The Stanley Cup Finals are still a couple of weeks off, but if the puck rolls NBC’s way, there is a possibility of an attractive bicoastal New York-Los Angeles matchup.
While it may not be the Yankees vs. the Dodgers, the two cities have a storied sports rivalry, and ratings could soar — at least by NHL standards.
The Los Angeles Kings are in the Western Conference finals for the first time since 1993, and the New York Rangers are in a scrappy Eastern Conference semifinal round with the Washington Capitals. If the two teams can survive to reach the NHL’s biggest stage, however, the sport would clearly receive a huge ratings and PR boost.
The Los Angeles pro sports scene has long been dominated by the Dodgers and Lakers, but the Kings bandwagon has been building of late with the team’s surprising ascension in the playoffs. In Gotham, the Rangers — one of the league’s original six teams — have long had a rabid fanbase.
Clearly the ratings bar was set high last year . The deciding game seven between the Boston Bruins and Vancouver Canucks drew 8.5 million viewers, making it the most-watched NHL game in 38 years. In Boston, the game drew a 43.4 rating/64 share.
The Rangers have not won the Stanley Cup since 1994 and the Kings have never raised the Cup, so anticipation and viewership in both cities would be high.
“New York and Los Angeles is a sexy and exciting matchup,” said Jon Miller, president of programming for both NBC Sports and cabler NBC Sports Network, “but we’re lucky with all the teams that we have left.”
While the Kings and Rangers would surely draw eyeballs, the same may not be true — at least on a national stage — about the New Jersey Devils and Phoenix Coyotes, and that matchup is also a possibility.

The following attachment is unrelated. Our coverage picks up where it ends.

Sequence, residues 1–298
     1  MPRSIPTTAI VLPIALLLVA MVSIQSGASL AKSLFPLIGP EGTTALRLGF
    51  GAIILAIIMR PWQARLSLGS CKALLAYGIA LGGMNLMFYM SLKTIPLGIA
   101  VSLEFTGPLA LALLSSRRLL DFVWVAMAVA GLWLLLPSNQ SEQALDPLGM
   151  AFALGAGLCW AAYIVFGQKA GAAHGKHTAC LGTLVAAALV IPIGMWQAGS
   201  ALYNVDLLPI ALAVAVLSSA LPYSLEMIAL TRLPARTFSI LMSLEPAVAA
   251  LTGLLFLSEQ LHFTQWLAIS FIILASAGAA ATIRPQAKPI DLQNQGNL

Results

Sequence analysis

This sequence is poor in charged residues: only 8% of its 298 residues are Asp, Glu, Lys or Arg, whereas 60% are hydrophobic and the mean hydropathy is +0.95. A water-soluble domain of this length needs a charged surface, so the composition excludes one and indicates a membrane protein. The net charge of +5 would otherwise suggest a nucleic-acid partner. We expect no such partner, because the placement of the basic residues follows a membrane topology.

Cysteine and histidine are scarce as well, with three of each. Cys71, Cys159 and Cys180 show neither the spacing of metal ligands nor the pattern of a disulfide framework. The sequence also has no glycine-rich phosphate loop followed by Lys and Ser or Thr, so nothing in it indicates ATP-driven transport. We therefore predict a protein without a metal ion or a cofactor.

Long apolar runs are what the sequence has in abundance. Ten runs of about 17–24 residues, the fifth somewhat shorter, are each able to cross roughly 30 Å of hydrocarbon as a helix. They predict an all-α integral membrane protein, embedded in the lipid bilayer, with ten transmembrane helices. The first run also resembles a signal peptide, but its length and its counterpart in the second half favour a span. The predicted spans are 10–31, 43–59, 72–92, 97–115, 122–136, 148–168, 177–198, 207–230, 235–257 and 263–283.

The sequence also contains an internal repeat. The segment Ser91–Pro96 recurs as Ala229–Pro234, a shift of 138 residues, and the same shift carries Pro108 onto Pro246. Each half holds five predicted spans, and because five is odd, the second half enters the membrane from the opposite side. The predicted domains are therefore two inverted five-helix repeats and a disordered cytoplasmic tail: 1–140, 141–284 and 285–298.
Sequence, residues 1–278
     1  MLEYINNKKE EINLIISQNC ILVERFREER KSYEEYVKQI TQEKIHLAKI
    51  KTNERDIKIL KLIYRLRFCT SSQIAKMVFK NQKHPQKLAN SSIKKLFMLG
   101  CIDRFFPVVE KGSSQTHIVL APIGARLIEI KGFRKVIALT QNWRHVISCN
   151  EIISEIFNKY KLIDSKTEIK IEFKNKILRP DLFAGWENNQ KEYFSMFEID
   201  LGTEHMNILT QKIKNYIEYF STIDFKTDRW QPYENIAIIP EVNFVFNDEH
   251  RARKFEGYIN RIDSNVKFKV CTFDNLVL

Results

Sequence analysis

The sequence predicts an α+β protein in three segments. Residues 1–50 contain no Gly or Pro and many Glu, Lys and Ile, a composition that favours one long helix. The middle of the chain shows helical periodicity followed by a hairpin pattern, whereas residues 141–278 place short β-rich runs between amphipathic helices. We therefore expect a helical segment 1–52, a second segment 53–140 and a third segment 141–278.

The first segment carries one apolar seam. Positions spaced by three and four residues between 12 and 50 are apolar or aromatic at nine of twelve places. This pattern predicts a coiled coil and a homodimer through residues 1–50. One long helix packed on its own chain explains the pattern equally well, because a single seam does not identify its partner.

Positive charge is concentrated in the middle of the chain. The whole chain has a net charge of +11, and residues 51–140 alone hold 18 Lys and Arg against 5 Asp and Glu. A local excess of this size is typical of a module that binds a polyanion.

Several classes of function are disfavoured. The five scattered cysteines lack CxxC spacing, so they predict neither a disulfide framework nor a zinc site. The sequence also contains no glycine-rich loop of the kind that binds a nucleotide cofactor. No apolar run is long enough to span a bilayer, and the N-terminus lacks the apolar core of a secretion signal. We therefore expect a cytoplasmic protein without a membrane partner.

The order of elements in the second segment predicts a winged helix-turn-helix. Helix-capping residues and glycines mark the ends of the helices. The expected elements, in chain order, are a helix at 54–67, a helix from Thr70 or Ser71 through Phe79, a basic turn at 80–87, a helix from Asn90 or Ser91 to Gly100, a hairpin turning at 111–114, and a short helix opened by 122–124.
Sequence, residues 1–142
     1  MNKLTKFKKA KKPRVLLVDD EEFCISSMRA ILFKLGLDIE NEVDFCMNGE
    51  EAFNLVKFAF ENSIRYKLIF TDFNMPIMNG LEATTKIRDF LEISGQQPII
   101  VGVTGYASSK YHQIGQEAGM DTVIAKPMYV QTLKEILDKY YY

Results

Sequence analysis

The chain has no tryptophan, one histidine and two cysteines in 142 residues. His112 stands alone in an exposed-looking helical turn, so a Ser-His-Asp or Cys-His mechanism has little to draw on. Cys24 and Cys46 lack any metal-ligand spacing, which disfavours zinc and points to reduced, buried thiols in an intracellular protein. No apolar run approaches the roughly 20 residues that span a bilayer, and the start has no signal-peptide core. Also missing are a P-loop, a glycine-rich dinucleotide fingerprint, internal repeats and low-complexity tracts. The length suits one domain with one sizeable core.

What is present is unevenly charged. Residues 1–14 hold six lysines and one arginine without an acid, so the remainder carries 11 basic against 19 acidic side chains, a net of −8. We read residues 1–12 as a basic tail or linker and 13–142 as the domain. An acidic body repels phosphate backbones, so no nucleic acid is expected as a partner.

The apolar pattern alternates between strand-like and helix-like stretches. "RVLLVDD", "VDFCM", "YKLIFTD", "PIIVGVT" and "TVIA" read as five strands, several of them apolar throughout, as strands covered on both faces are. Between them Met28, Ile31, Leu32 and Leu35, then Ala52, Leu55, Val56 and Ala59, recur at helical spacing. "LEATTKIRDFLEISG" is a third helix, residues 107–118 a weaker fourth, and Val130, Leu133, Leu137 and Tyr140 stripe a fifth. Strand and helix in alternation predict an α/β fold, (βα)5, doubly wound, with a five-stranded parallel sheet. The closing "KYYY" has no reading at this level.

Although it alternates games with the Peacock, NBC Sports Network has telecast the majority of playoff games so far this year, and its numbers are up. Each game is averaging 900,000 viewers, up 28% from the 702,000 viewers from last season and up 33% in the 18-49 male demo.
For the upcoming Stanley Cup Finals, NBC will broadcast the first two games and NBCSN the next two. The final three games, if necessary, will return to the Peacock.
Miller said the high-quality production value on both nets has been an important part of NBC Sports’ strategy to unify the cabler and the broadcaster into one NBC brand.
“HD has had a huge impact on the quality of our production,” Miller said, “and credit goes to Sam Flood (exec producer of hockey coverage), who was a college hockey player himself and came up with the radical idea about having one announcer upstairs and one downstairs (between the benches).”
But no matter how well the series looks on TV, the matchup of teams that take the ice is ultimately the barometer of who will be watching.
“Anytime you can get the New York market, that helps,” added Miller.